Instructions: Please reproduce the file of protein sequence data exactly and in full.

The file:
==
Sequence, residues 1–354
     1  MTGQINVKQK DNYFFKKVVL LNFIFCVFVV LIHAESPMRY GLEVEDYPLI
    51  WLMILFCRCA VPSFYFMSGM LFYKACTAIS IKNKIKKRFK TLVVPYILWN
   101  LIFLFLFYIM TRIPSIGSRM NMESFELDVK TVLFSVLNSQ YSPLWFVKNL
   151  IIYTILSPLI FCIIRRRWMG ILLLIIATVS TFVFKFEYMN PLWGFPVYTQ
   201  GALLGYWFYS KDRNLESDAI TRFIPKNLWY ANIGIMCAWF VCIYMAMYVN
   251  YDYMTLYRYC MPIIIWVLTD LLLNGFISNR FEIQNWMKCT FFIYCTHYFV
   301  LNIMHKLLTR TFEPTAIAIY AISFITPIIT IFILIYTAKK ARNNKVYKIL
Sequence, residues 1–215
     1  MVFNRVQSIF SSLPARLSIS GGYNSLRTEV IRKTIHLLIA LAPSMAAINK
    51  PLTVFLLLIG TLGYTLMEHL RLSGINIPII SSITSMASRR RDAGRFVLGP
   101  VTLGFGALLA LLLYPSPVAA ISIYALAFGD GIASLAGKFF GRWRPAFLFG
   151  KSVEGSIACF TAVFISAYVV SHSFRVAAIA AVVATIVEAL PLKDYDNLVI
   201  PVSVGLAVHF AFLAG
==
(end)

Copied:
Sequence, residues 1–354
     1  MTGQINVKQK DNYFFKKVVL LNFIFCVFVV LIHAESPMRY GLEVEDYPLI
    51  WLMILFCRCA VPSFYFMSGM LFYKACTAIS IKNKIKKRFK TLVVPYILWN
   101  LIFLFLFYIM TRIPSIGSRM NMESFELDVK TVLFSVLNSQ YSPLWFVKNL
   151  IIYTILSPLI FCIIRRRWMG ILLLIIATVS TFVFKFEYMN PLWGFPVYTQ
   201  GALLGYWFYS KDRNLESDAI TRFIPKNLWY ANIGIMCAWF VCIYMAMYVN
   251  YDYMTLYRYC MPIIIWVLTD LLLNGFISNR FEIQNWMKCT FFIYCTHYFV
   301  LNIMHKLLTR TFEPTAIAIY AISFITPIIT IFILIYTAKK ARNNKVYKIL
Sequence, residues 1–215
     1  MVFNRVQSIF SSLPARLSIS GGYNSLRTEV IRKTIHLLIA LAPSMAAINK
    51  PLTVFLLLIG TLGYTLMEHL RLSGINIPII SSITSMASRR RDAGRFVLGP
   101  VTLGFGALLA LLLYPSPVAA ISIYALAFGD GIASLAGKFF GRWRPAFLFG
   151  KSVEGSIACF TAVFISAYVV SHSFRVAAIA AVVATIVEAL PLKDYDNLVI
   201  PVSVGLAVHF AFLAG